A Post-Thanksgiving Proposal: Next Year, Don’t Roast the Turkey

I know this borders on sacrilege, but I’ve got my reasons. See, having been born in the Foodist 21st Century, my daughter has had some of the better turkeys of the world: smoked, brined, spice-rubbed, crisp skinned, succulent, free range, organic. Better turkeys than I ever had growing up. Still, year in year out when she eats the Thanksgiving turkey, I’ve never seen that sparkle in her eye that’s there when she eats something truly delicious. I’m not talking exotic, above and beyond delicious, just run of the mill passable every day delicious as in a grilled cheese sandwich, a crisp apple, a bowl of cheerios.

To confirm her middling attitude toward even the best possible roast turkey, this weekend I conducted this interview with Violet (5 years old; so really only 4 years into roast turkeys; an omnivore who otherwiise loves bird in all its forms).

which do you like more: chicken or turkey?
chicken

which do you like more: beef or turkey?
beef

peanut butter or turkey?
peanut butter

whole wheat toast or turkey?
toast

smoothies or turkey?
smoothies

tomatoes or turkey?
tomatoes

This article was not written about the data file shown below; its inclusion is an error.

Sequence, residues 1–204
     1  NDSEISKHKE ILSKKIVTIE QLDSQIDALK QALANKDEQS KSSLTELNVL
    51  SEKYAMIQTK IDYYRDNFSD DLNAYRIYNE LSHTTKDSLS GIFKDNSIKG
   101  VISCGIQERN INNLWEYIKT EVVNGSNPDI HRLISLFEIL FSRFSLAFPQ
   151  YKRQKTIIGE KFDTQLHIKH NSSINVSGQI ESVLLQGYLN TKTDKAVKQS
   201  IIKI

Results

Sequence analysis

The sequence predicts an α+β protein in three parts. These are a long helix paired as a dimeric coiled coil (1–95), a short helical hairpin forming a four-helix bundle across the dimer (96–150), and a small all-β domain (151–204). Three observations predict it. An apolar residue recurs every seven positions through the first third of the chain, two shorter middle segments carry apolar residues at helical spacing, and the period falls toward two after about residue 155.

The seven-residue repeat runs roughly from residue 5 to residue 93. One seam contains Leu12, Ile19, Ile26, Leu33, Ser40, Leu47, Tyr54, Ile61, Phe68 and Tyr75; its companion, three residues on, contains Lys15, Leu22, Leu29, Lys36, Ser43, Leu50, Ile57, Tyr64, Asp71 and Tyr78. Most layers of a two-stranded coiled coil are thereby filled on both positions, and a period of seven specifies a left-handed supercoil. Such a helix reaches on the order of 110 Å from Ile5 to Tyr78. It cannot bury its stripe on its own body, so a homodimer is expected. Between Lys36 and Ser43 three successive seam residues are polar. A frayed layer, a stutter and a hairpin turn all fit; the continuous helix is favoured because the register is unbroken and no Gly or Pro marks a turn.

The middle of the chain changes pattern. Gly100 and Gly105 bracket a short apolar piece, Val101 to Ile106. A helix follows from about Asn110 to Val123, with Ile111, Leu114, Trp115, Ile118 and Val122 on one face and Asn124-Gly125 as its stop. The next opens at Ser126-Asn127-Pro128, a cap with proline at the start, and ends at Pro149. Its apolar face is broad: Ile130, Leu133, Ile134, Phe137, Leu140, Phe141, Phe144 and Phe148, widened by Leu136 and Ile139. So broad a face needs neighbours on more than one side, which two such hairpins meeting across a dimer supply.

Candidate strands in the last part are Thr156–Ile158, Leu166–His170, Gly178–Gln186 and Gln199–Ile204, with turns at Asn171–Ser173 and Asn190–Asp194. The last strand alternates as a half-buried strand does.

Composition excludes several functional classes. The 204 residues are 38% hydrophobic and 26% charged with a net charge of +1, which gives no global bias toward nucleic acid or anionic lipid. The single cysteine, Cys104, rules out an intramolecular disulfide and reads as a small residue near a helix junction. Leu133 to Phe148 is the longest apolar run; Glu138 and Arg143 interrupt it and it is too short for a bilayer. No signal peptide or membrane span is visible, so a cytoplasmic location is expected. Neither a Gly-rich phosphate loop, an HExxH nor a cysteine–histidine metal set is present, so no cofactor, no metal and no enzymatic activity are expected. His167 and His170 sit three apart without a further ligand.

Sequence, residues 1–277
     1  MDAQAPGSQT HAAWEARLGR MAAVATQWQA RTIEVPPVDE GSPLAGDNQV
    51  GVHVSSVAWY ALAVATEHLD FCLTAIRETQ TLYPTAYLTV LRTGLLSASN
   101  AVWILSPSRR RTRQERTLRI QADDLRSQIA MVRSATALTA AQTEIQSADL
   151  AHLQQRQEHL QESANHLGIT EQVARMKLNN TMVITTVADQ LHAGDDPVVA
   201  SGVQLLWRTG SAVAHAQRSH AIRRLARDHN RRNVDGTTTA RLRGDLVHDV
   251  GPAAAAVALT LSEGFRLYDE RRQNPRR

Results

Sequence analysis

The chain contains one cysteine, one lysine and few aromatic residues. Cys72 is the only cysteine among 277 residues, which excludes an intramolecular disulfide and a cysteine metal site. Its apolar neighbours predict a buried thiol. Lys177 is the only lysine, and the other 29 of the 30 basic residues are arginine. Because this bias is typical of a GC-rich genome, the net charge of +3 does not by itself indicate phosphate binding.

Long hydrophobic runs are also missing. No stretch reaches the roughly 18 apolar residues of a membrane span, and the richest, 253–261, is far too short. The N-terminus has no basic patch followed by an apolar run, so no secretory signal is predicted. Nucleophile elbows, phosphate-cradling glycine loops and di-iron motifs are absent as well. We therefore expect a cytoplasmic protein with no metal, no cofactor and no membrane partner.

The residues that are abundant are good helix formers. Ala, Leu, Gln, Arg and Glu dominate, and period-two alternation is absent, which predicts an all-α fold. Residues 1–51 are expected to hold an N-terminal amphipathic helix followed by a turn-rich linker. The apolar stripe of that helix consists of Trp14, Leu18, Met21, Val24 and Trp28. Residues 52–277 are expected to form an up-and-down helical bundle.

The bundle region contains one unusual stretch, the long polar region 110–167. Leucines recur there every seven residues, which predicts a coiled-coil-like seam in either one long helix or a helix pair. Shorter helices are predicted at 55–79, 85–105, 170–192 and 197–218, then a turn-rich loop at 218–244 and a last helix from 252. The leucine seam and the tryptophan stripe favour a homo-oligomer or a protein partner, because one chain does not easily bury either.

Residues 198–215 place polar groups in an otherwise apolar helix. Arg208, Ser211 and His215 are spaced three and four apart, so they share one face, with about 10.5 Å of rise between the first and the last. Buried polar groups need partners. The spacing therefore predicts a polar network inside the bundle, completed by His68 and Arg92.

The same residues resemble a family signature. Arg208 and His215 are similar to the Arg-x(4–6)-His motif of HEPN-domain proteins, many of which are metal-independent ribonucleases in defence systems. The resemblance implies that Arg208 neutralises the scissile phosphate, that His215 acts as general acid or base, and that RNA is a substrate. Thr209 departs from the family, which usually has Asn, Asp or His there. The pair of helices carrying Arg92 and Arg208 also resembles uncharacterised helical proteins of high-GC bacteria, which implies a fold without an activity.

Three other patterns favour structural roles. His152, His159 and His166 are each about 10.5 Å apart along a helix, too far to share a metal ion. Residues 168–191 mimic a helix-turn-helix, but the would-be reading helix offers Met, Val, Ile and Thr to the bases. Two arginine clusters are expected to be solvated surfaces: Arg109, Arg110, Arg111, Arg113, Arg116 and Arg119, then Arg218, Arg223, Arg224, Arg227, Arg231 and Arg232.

broccoli or turkey?
broccoli

I’ve gotta put a stop to this. Clearly, it’s not that she’s picky. At her young age, she’s free of a life of habit and expectation, and can see roast turkey for what it is. Just not all that. And I think that over the past couple of hundred years, we’ve gotten attached to the wrong technique for cooking turkey. So instead of programming a lifelong acceptance of mediocre turkey in my children, I’m going to start cooking the turkey to maximum effect. And I’m afraid that means veering away from the traditional whole roasted bird.

Two turkey dishes that eschew roasting have put this into my mind. I recently had the turkey osso bucco at Mario Batali’s del Posto in New York: it’s a cross section of turkey thigh on the bone, braised to unctuousness, served with a rich reduction sauce of aromatics, tomatoes, and wine. It’s turkey to rival any roasted meat. Last week I watched Mark Bittman’s video on the New York Times website, in which he makes a turkey confit: first simmering cut up turkey pieces in sage-infused oil, then crisping the skin in a pan, then serving it over greens dressed with a little lemon juice. Doesn’t that sound awesome? Maybe I’ll sneak it onto the menu at Christmas, build a following, and then people won’t even miss the whole roast bird come next Thanksgiving. Or at least Violet won’t.
—Hugh

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